Pit stop in Dubai, Thursday, Feb 15, 2007 – Made a 5 hour stop over in Dubai,on my way to Karachi for 3 days. That's when I really discovered what a smoking area in the airport really looks like, 6 foot tall glass partition right in the middle of the terminal, with more smokers in it than it could handle, resulting in smokers spilling out in the open.
I steered away from that area as I can't breathe if someone's smoking. Spent the time checking my email and browsing the Internet, not to mention, noticing that there was more civility in the way women now dress in Dubai. Last time, I was quite embarrassed to see the types of clothes some of the foreign women had on (or off, depends on your gaze). I guess the locals have hardened their stance on this issue.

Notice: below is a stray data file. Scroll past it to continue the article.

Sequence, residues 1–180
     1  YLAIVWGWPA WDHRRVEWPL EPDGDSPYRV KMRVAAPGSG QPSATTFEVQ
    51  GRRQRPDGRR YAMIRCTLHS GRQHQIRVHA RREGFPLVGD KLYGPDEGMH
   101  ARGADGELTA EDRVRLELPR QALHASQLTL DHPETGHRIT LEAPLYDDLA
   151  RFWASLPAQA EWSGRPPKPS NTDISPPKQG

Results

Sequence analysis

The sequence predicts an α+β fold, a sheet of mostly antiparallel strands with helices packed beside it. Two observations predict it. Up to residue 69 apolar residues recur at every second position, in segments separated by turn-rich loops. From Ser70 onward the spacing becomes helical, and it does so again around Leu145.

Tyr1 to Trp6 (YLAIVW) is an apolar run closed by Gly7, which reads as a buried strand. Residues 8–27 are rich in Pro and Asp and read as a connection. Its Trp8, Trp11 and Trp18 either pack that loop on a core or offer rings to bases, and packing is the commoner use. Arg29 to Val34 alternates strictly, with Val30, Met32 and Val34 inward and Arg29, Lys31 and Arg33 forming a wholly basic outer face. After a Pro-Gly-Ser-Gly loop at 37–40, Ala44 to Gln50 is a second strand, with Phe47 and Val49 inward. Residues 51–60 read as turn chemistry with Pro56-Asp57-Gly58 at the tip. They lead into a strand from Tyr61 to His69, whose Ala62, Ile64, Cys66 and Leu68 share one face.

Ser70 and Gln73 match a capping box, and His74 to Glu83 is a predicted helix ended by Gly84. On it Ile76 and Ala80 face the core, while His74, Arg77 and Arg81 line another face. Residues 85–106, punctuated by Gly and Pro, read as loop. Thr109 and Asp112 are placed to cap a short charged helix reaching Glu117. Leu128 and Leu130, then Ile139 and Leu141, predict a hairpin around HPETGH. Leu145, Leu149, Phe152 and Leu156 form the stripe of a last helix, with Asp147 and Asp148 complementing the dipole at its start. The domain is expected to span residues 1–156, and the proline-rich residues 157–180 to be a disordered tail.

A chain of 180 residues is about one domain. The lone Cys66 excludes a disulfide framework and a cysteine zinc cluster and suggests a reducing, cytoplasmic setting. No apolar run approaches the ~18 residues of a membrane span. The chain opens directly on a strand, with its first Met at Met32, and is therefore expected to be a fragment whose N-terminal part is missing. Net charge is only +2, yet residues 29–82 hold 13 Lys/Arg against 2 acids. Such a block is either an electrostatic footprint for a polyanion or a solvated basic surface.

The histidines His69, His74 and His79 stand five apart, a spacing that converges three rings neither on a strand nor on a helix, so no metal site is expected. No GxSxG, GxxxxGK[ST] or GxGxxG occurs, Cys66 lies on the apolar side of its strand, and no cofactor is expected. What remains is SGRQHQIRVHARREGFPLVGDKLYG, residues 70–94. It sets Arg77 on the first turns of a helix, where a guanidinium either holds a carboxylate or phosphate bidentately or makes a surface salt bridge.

Since my next flight was on a separate ticket, I had to experience the unpleasantries of Dubai airport's inefficient passenger movement system.Walked down what seemed like a quarter mile to passport control, stood in line for 45 minutes, no problems with a US passport, I was granted a 60 day visa. I proceeded to baggage claim, picked up my luggage, then had to exit out to re-enter and go to Emirates check-in counters. Since I had an e-ticket, it didn't take that long, and I was on the way back into the terminal. Spent another 60 minutes at passport control, and then walked into the main terminal building. Had to go through security 3 times before boarding the plane.